A 400 Series streetcar operating on the St. Charles Avenue line, 1910s.

In 1900, the St. Charles and Tulane streetcar lines were extended on Carrollton Avenue and connected together, resulting in a two-way belt line. Cars signed St. Charles left Canal Street on Baronne Street to Howard Avenue to St. Charles Avenue, thence all the way to Carrollton and out that avenue, returning to the central business district on Tulane Avenue. Streetcars leaving Canal Street on Tulane Avenue were signed Tulane, operating out to Carrollton Avenue, then turning riverward to St. Charles Avenue, passing Lee Circle to Howard Avenue, and finally down Baronne (later Carondelet) to Canal Street.[6]

In 1922 the New Orleans & Carrollton Rail Road was merged into New Orleans Public Service Incorporated (NOPSI), which consolidated the city's various streetcar lines and electrical production.

900 Series streetcar running on the St. Charles line.

In 1950, plans were made to fill in the New Basin Canal, which the Belt Lines crossed on a bridge on Carrollton Avenue. The right of way was to be used for an expressway, and Carrollton Avenue traffic was to use an underpass. Rather than rebuild tracks in the underpass, the Tulane and St. Charles lines were separated, and Tulane Avenue was converted to a trolley coach line. During construction, the St. Charles line continued to operate (in both directions) all the way on Carrollton Avenue from St. Charles Avenue to the underpass construction site at Dixon Street. Once the underpass was completed, the St. Charles streetcar line was cut back to Claiborne Avenue, as it operates at present, and the Tulane trolley coach line took over the part of Carrollton Avenue between Tulane Avenue and Claiborne.[6]

Typical car stop signage along the line.

In 1972 automatic fareboxes were introduced, and the job of a separate conductor was eliminated from the streetcars. The line still has one of the Ford, Bacon & Davis 1894 vintage cars in running condition. Although it is not used for passenger service, it stays busy with work operations such as track sanding. The rest of the line's cars date from 1923–24.[2]

In 1973, preservationists successfully listed the St. Charles line on the National Register of Historic Places. For this reason, it is the only service in the RTA system not to have wheelchair access.

In 1983, the RTA was created to oversee public transportation in New Orleans. It assumed the operations of city bus lines and the St. Charles line from NOPSI, which has since folded into Entergy.

In 2005, service along the route was suspended due to damage from Hurricane Katrina and the floods from levee breaches. The small section from Canal Street to Lee Circle was the first part restored. The section continuing up to Napoleon Avenue was re-opened for service on November 11, 2007, and on December 23, 2007 was extended up to Carrollton Avenue, near the line's original terminus in 1833. The restoration of the line on the remaining section along Carrollton Avenue to Claiborne Avenue took place on June 22, 2008.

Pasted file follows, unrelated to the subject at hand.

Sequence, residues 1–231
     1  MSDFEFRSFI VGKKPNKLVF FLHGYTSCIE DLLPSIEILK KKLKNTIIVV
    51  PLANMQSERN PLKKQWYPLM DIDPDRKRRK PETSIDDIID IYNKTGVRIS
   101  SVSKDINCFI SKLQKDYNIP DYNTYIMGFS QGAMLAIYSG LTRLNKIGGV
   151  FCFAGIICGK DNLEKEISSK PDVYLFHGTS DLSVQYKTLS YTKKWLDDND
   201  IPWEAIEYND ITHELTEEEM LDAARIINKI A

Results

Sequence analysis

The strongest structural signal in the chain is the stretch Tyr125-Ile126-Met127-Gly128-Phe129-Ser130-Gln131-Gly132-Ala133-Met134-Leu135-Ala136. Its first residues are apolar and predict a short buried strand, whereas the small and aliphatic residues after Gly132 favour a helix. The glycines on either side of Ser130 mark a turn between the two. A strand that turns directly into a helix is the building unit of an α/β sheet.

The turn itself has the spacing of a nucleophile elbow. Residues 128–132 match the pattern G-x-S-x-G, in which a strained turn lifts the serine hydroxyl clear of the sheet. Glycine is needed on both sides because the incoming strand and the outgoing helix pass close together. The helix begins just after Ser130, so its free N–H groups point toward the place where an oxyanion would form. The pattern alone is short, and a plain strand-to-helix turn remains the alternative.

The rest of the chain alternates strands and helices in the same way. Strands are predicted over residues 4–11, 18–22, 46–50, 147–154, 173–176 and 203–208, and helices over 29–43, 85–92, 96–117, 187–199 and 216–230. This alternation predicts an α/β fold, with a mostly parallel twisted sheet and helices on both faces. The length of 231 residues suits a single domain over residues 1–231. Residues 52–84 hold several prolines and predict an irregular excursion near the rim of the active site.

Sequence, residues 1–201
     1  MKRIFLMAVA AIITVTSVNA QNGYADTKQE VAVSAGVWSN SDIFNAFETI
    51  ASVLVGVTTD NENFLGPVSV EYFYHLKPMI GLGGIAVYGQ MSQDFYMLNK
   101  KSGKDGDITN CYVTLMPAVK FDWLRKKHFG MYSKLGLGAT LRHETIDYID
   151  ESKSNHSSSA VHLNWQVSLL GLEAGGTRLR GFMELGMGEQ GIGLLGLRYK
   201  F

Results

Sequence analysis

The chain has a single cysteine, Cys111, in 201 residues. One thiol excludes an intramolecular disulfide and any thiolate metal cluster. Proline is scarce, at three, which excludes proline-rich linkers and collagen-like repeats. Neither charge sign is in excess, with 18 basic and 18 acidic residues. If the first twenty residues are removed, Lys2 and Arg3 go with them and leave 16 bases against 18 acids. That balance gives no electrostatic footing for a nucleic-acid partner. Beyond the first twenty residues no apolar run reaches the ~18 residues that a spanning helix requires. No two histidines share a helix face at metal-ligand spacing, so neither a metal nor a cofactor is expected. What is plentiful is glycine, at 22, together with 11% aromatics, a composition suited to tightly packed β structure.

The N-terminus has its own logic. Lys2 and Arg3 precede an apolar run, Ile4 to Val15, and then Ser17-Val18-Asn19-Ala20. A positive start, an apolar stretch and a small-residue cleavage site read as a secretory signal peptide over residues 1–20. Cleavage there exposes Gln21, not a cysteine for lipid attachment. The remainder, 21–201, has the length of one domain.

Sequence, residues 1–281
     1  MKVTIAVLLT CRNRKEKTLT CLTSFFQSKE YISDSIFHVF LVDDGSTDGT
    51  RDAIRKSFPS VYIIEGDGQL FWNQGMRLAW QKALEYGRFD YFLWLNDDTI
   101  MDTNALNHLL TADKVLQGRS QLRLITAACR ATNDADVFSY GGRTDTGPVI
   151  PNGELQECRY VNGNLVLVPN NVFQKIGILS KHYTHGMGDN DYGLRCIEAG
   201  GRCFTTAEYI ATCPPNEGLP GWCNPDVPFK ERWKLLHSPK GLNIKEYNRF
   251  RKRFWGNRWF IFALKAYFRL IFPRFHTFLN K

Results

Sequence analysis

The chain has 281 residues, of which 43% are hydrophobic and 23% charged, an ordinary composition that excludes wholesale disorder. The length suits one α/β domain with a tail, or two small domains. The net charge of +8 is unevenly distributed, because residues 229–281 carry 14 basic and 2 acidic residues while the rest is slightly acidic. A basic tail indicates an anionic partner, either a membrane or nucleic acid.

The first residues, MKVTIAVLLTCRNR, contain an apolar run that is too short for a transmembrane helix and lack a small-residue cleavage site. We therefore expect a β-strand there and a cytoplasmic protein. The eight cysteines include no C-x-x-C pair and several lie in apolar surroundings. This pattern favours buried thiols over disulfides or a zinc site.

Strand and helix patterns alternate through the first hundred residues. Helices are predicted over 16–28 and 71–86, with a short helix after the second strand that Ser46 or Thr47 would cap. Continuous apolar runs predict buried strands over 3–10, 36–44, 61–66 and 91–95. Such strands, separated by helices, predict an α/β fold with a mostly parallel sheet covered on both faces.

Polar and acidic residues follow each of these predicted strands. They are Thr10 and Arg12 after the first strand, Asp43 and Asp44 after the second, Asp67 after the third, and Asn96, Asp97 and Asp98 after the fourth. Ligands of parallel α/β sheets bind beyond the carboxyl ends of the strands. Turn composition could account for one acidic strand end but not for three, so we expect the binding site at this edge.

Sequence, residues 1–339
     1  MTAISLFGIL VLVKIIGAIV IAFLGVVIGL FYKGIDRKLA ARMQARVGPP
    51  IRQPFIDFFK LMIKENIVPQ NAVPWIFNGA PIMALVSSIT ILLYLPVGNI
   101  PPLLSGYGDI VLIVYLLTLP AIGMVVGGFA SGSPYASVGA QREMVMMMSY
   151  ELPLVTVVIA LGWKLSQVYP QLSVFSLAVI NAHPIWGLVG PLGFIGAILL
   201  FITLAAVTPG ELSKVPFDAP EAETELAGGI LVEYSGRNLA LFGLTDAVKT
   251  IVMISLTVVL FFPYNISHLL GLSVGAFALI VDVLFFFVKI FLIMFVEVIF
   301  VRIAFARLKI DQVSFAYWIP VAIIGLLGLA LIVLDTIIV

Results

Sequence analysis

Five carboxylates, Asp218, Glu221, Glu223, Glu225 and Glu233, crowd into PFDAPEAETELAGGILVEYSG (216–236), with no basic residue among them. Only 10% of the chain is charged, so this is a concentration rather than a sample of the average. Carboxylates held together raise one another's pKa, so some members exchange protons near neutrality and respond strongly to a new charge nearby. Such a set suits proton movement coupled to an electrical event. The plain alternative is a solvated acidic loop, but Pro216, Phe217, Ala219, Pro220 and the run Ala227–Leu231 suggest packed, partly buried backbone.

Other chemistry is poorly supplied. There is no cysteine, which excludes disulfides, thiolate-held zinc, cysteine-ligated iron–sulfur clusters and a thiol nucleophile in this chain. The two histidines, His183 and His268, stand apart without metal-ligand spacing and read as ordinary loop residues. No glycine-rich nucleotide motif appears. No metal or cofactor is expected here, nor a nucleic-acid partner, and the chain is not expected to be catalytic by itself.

The St. Charles line was listed by the National Park Service as a Historic Landmark in 2014. This recognizes it as a place that possesses "exceptional value and quality in illustrating or interpreting the heritage of the United States," quoting the announcement from the Department of the Interior.[7]

Operation[edit]

The St. Charles Streetcar line is the only service in the entire RTA system to operate 24 hours a day post-Katrina. It operates very frequently daily, from six minutes during the day to ten minutes at night, with 20 to 30 minute intervals in the night owl period.

List of streetcar stops[edit]

From Canal Street to Uptown

Stop Neighborhood(s) Other streetcar lines Notes
Canal and Carondelet Streets Downtown, Central Business District, French Quarter                Transfer connection to Canal and Loyola-UPT Streetcar lines.
Eastern terminus of St. Charles Streetcar line.
Carondelet continues as Bourbon Street into the French Quarter.
Line has its own track in Canal Street neutral ground apart from the tracks for other lines.
By way of St. Charles Avenue (outbound) or Carondelet Street (inbound)
St. Charles and Common Street (outbound) Downtown, Central Business District
St. Charles and Gravier Street (outbound)
Carondelet and Union Street (inbound)
Downtown, Central Business District
Poydras Street Downtown, Central Business District Serves One Shell Square, the tallest building in New Orleans and the state of Louisiana.
Lafayette Street (outbound only) Downtown, Central Business District Serves Gallier Hall, Hale Boggs Federal Building and Lafayette Square.